Thursday, July 30, 2009

Rehab it as you see it

If this stuff doesn't get you psyched up...

Thanks to Dr. Dave Tiberio for the heads up on this article from the June '08 "European Journal of Physical Rehabilitation Medicine". "Rehabilitation of Adolescent Idiopathic scoliosis: results of exercises and bracing from a series of clinical studies".

The SEAS (scientific exercise approach to scoliosis) was shown to be an effective alternative to bracing. These exercises are isometric in nature, & not the ones I would necessarily choose, but exciting none the less. The concept that soft tissue can ideed influence structure. They actually reduced the Cobb angle. The important concept of SEAS is that there is no one size fits all protocol. It is individualized to the patient.
I think this concept can be generalized to incude athletic injuries. We are on the right track here. Rehabilitation should be athlete driven, not protocol driven. Like Bob Dylan sings, "you better start swimmin', Or you'll sink like a stone, For the times they are a-changin'."

Promenades sous la peau

Or, "Strolling beneath the Skin". I would like my readers to google image "biotensegrity" & "tensegrity" and look at the structures. Then go to Dr. Stephen Levin's (Ezekiel Biomechanics Group) biotensegrity blog. If you you scroll to the bottom of the page, he gives a preview of French hand surgeon J.C. Guimberteau's fascia DVD.

You really begin to appreciate the similarities, & how fascia links the body together as system. Manual therapists bring up an interesting point- that the human body's center of gravity doesn't really pass through the spine, but rather through the gut. We begin to see how soft tissue can influence structure. It creates new possibilities for us. For instance, we can understand how we need the entire body working correctly to prevent lower leg stress fx, not just strong legs.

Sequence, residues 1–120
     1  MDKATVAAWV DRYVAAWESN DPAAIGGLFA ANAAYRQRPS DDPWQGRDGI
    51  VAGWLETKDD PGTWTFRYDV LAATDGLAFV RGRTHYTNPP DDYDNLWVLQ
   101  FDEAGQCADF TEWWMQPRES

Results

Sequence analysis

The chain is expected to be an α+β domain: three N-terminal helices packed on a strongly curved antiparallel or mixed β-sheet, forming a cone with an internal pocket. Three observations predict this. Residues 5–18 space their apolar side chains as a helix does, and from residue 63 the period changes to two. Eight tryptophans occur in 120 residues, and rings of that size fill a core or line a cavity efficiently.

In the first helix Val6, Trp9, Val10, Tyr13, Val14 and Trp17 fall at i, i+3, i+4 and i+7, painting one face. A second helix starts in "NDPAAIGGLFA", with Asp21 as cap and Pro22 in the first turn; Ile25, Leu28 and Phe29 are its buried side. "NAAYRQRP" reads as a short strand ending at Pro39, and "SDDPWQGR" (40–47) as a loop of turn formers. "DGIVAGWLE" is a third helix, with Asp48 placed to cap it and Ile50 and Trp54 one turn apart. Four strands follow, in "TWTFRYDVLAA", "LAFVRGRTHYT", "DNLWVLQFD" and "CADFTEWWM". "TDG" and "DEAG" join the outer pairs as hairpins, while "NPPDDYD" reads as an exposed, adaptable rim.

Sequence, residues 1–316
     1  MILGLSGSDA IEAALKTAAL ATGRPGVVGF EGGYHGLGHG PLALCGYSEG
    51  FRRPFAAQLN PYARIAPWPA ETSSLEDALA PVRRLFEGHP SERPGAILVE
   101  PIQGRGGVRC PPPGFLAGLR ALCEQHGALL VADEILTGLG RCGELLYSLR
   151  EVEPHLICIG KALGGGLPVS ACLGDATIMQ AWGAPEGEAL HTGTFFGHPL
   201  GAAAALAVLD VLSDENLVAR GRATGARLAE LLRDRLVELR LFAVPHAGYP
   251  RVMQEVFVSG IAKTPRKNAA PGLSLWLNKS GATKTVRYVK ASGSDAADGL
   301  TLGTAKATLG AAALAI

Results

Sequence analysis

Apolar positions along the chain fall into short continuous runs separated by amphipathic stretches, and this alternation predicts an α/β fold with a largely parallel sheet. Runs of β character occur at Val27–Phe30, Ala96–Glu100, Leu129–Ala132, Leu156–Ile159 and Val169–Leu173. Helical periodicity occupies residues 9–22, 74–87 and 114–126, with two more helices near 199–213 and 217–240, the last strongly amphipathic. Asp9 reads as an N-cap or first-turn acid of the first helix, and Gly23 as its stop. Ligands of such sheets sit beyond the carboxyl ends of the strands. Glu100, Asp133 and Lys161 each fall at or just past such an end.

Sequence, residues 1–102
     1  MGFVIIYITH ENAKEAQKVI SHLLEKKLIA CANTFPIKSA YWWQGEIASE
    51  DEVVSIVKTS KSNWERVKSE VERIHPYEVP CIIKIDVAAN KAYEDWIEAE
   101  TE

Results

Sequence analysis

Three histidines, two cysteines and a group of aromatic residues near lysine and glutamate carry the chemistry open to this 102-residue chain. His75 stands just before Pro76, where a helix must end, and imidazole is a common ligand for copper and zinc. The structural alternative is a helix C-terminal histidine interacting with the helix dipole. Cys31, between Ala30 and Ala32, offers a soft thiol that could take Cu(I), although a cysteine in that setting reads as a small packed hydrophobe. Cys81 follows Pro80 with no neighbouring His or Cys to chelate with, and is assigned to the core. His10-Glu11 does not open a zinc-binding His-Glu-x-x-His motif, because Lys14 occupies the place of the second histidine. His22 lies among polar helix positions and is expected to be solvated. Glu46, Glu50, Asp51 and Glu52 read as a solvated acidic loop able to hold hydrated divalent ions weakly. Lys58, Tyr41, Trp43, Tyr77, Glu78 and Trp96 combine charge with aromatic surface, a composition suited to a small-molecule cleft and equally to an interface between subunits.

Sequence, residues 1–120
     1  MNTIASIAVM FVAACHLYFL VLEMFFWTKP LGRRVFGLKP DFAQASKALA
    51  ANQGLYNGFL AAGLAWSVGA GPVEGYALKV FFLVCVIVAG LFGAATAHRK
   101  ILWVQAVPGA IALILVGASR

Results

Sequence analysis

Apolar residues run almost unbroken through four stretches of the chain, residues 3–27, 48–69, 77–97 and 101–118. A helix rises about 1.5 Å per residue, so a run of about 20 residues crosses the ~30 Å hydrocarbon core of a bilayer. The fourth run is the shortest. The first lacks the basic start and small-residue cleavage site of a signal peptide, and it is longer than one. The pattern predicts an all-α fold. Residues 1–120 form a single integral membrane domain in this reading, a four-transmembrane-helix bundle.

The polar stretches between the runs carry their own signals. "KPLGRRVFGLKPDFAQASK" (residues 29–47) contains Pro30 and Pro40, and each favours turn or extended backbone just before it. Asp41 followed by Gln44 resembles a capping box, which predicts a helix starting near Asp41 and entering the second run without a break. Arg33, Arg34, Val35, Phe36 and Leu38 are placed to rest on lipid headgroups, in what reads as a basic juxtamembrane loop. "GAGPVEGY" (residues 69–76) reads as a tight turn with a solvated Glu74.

It is the essense of what "core" is all about.

Tuesday, July 28, 2009

Joe's Training Room, 1 year out

My goal was to get a grass roots movement going at the high school level. Mobilize the foot soldiers into tackling problem areas in the care & prevention of adolescent athletic injuries.

I've failed.

I've gotten over 25,000 hits in the past year. Don't get me wrong, I am grateful to all my blog readers. I'm not just blowing smoke when I say you guys keep me on the ball. It's humbling when I check my hit tracker & see readers coming from almost every continent around the world to read what some high school guy from New Jersey USA has to say.

Unfortunately, barely any are from my home state. And almost none from the high school level. I would really appreciate everyone's opinion as to what I'm doing wrong, and where to go from here. I realize it's not just me. The ATSNJ has had a decline in enrollment in the past 2 years. The new ATC's coming out of college have figured out you can join the NATA BOC without actually joining the NATA. And I hate to sound sarcastic, but we're getting what we deserve. The ATC certification is not carrying much weight any more. I would like to give you specific examples, but I can't without using names.